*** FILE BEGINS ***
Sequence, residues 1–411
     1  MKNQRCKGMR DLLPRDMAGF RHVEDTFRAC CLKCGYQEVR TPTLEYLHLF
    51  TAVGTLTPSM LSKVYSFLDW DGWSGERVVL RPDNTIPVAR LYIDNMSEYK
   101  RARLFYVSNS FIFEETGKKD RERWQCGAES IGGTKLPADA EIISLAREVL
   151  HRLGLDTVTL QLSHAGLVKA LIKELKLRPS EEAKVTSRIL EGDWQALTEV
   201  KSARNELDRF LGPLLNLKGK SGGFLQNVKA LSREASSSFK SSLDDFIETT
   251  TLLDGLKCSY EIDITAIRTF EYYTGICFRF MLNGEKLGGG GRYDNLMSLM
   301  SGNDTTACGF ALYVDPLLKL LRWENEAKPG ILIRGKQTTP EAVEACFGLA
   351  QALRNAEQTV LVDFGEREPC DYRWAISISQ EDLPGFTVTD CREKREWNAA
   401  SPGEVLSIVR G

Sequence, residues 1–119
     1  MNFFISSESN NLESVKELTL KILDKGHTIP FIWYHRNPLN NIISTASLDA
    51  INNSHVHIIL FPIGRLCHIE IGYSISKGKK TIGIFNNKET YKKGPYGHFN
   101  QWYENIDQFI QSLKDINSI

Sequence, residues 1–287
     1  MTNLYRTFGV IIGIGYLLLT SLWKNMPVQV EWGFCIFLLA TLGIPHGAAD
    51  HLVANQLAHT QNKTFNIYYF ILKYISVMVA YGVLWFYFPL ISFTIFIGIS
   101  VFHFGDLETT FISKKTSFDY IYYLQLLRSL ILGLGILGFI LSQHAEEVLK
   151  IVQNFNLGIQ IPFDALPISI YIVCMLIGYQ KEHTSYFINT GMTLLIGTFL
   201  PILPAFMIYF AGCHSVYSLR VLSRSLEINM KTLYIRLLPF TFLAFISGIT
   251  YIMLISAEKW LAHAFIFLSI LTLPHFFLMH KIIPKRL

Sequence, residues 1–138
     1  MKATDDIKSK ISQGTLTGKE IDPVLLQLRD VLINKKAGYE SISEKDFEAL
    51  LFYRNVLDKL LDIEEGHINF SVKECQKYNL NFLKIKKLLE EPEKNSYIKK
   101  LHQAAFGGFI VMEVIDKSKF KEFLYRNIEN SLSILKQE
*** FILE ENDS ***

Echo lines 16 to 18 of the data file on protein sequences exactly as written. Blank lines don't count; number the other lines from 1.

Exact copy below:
     1  MTNLYRTFGV IIGIGYLLLT SLWKNMPVQV EWGFCIFLLA TLGIPHGAAD
    51  HLVANQLAHT QNKTFNIYYF ILKYISVMVA YGVLWFYFPL ISFTIFIGIS
   101  VFHFGDLETT FISKKTSFDY IYYLQLLRSL ILGLGILGFI LSQHAEEVLK